Use of sedation, other ethical issues addressed
In its July 2002 issue, the American Journal of Nursing examines the difficulty in managing pain in terminally ill patients and the role nurses can play in alleviating their patients’ pain as their patients face the end of life.
The article is the second in a bimonthly continuing education series on palliative nursing care, funded in part by a grant from The Robert Wood Johnson Foundation. The article addresses several areas of pain management, including: pain assessment, the principles governing the use of analgesics, nonverbal cues that may indicate pain, differentiating pain from other symptoms, the use of sedation, and related ethical issues.
The article, "Difficulties in Managing Pain at the End of Life," can be accessed on line at www.aacn.nche.edu/elnec/ajn.htm.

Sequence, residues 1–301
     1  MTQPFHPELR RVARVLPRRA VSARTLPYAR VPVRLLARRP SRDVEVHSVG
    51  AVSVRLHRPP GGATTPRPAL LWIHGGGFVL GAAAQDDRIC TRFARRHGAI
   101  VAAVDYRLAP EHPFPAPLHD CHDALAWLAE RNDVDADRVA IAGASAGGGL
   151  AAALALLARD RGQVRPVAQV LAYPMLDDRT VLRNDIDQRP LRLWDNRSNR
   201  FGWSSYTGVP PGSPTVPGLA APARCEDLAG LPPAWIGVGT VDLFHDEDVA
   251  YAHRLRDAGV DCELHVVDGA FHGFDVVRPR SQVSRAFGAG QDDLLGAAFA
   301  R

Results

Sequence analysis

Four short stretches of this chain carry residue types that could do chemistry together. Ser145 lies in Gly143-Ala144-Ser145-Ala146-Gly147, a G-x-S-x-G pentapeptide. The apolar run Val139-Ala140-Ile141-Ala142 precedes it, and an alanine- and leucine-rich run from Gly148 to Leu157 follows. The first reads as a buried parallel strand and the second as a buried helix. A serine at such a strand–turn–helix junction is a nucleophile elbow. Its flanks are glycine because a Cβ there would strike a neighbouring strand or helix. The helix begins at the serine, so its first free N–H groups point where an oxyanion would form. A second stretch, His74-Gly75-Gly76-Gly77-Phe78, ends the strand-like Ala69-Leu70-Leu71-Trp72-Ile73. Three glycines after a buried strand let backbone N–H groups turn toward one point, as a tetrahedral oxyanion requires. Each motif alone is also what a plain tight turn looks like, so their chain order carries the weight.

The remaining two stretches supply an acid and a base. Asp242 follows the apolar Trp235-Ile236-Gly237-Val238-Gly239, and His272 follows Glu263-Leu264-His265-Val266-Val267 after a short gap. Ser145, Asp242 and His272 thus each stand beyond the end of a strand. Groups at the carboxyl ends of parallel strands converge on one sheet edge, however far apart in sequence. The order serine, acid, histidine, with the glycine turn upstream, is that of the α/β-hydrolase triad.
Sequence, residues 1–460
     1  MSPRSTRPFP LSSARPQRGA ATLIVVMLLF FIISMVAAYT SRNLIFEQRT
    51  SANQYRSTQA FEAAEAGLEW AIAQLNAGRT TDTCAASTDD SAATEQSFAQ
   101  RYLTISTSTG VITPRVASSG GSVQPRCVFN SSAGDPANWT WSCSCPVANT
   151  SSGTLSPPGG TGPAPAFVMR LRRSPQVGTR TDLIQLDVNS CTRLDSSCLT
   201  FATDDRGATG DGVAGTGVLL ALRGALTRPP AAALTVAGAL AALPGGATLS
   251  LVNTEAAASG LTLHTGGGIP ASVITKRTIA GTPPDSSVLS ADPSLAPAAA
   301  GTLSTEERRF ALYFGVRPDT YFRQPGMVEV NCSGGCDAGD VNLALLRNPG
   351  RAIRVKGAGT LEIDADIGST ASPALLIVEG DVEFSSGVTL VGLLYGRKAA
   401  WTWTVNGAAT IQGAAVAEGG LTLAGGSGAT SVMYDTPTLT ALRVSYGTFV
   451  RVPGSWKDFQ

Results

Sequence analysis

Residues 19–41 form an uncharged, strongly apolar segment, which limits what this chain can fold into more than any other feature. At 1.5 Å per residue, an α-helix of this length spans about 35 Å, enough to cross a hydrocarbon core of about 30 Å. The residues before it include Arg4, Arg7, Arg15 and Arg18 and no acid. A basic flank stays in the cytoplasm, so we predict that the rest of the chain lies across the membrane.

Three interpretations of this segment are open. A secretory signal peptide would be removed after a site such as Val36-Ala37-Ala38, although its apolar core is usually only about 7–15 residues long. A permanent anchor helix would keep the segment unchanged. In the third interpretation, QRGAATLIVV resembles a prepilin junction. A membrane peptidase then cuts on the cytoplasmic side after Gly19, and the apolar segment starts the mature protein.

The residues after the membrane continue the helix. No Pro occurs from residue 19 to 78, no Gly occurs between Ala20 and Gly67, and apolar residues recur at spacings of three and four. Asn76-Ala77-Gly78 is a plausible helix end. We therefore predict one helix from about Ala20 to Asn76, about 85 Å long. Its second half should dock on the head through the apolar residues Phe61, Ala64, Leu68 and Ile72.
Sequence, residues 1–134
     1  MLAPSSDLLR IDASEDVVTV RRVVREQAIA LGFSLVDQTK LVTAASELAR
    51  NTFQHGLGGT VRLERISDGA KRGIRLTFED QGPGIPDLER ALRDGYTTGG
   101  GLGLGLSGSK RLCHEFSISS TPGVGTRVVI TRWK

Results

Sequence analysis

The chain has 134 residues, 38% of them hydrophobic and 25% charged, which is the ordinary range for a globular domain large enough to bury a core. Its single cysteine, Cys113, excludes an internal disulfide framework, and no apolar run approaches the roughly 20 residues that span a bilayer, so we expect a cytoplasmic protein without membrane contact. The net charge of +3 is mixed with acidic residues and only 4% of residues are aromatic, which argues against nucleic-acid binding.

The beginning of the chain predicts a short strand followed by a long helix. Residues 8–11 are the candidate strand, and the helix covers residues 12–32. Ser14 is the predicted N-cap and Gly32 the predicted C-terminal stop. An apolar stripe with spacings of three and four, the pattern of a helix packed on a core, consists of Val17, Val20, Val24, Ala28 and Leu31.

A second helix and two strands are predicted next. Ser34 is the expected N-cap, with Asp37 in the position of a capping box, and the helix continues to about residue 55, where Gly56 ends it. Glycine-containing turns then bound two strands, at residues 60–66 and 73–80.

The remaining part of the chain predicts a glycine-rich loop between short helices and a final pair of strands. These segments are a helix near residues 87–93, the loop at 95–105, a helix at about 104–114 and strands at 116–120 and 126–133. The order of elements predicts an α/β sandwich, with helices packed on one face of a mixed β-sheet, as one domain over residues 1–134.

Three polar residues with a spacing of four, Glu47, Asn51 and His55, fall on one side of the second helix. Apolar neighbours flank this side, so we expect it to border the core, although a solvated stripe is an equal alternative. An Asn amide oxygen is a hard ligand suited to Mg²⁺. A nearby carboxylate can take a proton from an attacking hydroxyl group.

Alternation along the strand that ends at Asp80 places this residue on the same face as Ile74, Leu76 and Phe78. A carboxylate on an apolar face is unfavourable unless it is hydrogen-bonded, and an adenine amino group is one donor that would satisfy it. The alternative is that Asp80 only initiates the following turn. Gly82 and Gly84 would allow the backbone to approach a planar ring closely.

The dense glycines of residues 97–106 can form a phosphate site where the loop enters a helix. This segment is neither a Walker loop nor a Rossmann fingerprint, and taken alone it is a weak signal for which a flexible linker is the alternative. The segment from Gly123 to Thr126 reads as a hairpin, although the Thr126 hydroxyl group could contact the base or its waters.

For most terminally ill patients, pain relief is possible. Yet pain remains a primary concern for many patients and their families. Despite decades of efforts to improve pain management, researchers continue to document inadequate assessment of pain and unrelieved pain in patients with a number of life-limiting diseases.
The American Journal of Nursing article presents methods nurses can employ to help manage patients’ pain, including careful assessment of nonverbal cues when the patient is not verbal, the administration of pharmacologic and nonpharmacologic treatments, and sedation when necessary to provide comfort.
The author of the article, Joan T. Panke, MA, RN, APRN, is a palliative care nurse practitioner and is the executive director of the DC Partnership to Improve End-of-Life Care in Washington, DC. She also is a curriculum consultant and faculty and advisory board member on the End-of-Life Nursing Education Consortium project.